After attending Alana Valentine’s Ladies Day on Friday night I was instantly struck by the enormity of what I had just witnessed. And so I write this not as a review – I am not a reviewer – but as a writer. Also while the production is presented by an extremely talented director and cast, it is the writing I am driven to comment upon.
Rushing to catch this production on its opening night at Griffin I was relatively unprepared for what was to come. Yes, I was subconsciously aware the play was about men in drag glamming up for a race day in Broome and so I expected some humour and, familiar with Valentine’s work, I also expected some characters who were based on real people. What I did not expect was the ambition of Valentine’s vision.
There was indeed humour – sharp and clever, fast and brutal in the way that only Valentine can do. Yet the play also brimmed with humanity, compassion, uncompromising characters and a rigorous examination of the process of playwriting. In Valentine’s play the bare bones of writing are laid out, exposed: the desire to make sense of the world, the need to make good out of horror and lastly, on this occasion, exposed in its ultimate loyalty to character through everything.
This critical self-examination appears just when you think you have the play all figured out, at the most unexpected moment, in the most unexpected form – and you are lead there by the most capable of playwright hands.
Writers are constantly asked, ‘Which character is you?’ Or told ‘I could tell that was based on you?’ Or ‘I could see who that was about!’ It is confounding because all characters have been filtered through one’s own self and as such all of them have some of the writer in them. Yet they also have a life of their own. And what is me and what is not me becomes something ‘other,’ becomes someone who lives outside of the life of the writer. Some characters are based on living people, and with these there is so much to consider when placing them in a theatrical work. They live on stage but not as themselves, instead they are handled by the writer to attend to the themes and story placed at the centre. They are often shaped in order to increase the dramatic action of the play, to allow for a climax and an emotional catharsis for audience members.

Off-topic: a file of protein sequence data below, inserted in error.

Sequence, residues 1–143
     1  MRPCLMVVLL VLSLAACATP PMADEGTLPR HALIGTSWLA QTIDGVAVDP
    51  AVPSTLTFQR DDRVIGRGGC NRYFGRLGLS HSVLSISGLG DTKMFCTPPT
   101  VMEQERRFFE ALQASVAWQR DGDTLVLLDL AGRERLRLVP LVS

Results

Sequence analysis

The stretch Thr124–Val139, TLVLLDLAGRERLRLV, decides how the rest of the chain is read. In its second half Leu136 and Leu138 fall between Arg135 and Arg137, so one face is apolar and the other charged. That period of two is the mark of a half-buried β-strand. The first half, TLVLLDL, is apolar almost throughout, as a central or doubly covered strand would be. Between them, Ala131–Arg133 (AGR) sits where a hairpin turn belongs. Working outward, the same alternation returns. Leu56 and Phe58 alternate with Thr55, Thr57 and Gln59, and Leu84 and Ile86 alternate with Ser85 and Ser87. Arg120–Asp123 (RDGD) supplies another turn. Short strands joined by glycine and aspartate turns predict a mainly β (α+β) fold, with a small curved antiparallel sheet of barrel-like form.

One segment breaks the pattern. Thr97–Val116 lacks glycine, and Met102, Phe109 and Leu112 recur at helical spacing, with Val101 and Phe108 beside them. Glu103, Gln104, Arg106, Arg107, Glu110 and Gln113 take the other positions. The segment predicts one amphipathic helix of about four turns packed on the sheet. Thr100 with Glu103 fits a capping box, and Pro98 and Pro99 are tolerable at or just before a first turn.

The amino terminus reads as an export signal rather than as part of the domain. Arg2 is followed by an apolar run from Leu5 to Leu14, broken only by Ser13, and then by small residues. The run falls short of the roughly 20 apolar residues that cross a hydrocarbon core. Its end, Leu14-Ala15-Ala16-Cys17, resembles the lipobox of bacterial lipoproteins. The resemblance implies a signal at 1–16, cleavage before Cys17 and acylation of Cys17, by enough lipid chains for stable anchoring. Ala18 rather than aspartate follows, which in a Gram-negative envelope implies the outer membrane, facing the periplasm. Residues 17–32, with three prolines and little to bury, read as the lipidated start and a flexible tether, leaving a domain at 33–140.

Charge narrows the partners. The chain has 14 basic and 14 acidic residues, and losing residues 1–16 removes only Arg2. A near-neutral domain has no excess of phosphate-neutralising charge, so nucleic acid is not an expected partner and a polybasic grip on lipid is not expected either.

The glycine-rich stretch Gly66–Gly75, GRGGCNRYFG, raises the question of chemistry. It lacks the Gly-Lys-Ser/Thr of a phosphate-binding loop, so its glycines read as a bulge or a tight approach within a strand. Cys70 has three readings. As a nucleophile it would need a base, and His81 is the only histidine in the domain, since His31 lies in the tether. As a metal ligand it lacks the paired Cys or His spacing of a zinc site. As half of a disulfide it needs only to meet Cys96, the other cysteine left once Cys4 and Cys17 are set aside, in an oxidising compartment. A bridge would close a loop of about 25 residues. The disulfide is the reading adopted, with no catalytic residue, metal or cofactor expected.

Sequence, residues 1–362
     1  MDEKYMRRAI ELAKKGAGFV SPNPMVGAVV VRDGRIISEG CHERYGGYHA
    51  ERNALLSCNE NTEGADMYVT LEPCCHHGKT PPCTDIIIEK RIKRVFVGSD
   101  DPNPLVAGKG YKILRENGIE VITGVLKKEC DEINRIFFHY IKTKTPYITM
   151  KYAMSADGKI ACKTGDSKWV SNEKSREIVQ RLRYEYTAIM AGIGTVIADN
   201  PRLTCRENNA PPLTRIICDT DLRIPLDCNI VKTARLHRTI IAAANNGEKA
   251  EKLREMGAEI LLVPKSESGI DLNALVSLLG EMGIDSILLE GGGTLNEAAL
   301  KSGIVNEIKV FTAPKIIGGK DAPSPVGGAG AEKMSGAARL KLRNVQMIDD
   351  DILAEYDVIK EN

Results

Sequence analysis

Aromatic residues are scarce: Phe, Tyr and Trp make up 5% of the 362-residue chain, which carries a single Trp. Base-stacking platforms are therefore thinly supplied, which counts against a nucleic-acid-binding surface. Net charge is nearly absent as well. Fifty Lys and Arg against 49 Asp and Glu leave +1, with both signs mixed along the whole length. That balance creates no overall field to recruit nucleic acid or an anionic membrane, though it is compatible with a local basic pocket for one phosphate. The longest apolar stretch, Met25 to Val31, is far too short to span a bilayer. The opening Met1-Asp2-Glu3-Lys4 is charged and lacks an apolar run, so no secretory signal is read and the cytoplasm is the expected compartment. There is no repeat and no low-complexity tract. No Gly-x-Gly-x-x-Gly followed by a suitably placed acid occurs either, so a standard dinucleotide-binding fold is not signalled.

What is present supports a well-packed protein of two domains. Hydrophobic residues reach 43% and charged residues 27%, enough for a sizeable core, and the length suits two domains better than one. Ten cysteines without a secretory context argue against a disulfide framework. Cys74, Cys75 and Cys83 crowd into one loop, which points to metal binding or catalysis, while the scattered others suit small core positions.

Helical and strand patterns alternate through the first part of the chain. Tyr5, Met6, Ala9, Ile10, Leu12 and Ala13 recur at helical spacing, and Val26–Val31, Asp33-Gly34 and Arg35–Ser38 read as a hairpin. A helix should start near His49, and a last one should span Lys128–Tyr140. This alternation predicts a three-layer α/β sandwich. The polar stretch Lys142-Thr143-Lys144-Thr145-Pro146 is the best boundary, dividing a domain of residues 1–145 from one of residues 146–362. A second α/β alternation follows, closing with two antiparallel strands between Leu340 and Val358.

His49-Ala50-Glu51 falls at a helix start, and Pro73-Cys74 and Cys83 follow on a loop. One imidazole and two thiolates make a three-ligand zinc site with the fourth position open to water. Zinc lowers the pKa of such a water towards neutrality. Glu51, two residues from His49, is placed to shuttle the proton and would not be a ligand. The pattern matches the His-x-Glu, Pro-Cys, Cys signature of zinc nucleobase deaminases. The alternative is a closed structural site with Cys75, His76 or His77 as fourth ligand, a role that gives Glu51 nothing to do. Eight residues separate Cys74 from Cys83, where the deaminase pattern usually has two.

What then does a writer do when the character is clear that they do not want to fit into your agenda? I say ‘character’ rather than the ‘person’ because its even harder when it is the character, harder for the writer to ignore that character’s obvious needs – although many writers do so at their own peril.
By inserting a character based on herself in this play, Valentine has taken ‘meta’ to a uniquely interesting place – she has commented on being a writer, while being a writer, and questioned what is character, what is real and what is story in a way that is confronting, brave and ultimately process changing for writers and those who love writing. This is not a writer in a story in the usual ‘let’s do something different.’ This writer is in this story because the story is about why we write, what characters want and how we put together story to change the world. There is purpose behind this decision. And bravery. A hell of a lot of bravery.
Ladies Day is one of the most intelligent pieces I have ever seen on stage. It makes you laugh, look away in horror or despair at unflinching violence, then has you laughing again in the next unexpected moment.
Alana Valentine is a writer at the peak of her career, offering a crafted play that will live on well beyond this fabulous production at Griffin. Ladies Day is a play we will be talking about for years to come, because it uses theatre to really interrogate what writing is, what humanity is, what compassion is and it does so in the hands of a writer who can offer the cleverest of wit with a full helping of authentic politics, humanity and the capacity to completely surprise you just when you think you have it all figured out.
Bravo Griffin. This is not a writerly theatre, but a writers’ theatre in action.
As an artist I strongly urge anyone who has ever made art, struggled with life and wanted authentic work that is clever without the accompanying vanity to rush to see this work while it is in its fabulous premier season.
Suzie Miller, Playwright